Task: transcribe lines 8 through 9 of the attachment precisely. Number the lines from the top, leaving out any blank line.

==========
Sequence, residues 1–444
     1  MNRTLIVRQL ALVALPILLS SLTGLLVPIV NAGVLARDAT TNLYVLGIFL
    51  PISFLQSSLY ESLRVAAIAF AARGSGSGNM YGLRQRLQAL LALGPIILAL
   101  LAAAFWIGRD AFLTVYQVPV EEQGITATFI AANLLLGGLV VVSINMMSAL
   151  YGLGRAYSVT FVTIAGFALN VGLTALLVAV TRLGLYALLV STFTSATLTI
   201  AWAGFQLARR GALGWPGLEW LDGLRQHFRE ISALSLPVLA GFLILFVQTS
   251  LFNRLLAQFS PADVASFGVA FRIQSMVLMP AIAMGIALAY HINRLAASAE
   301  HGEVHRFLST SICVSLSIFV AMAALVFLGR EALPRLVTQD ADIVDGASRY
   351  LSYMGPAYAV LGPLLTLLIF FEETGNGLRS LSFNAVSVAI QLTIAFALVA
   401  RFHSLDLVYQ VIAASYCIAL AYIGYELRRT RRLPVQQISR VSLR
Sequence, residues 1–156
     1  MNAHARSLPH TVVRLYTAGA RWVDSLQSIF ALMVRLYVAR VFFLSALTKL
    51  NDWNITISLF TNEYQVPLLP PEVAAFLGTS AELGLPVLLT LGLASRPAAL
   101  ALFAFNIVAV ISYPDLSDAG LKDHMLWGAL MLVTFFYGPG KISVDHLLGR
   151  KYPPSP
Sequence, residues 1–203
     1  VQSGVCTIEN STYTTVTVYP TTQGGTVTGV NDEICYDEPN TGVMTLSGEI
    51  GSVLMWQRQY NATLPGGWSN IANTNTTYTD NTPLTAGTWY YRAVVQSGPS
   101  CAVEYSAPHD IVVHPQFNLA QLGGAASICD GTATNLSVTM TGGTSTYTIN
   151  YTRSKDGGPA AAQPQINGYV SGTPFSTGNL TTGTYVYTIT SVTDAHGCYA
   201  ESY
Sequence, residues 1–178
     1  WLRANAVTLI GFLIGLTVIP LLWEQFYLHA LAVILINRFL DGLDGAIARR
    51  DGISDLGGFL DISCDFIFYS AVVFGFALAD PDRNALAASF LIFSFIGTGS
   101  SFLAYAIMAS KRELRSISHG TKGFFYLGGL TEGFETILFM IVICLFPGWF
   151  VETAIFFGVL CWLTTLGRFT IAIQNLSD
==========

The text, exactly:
   301  HGEVHRFLST SICVSLSIFV AMAALVFLGR EALPRLVTQD ADIVDGASRY
   351  LSYMGPAYAV LGPLLTLLIF FEETGNGLRS LSFNAVSVAI QLTIAFALVA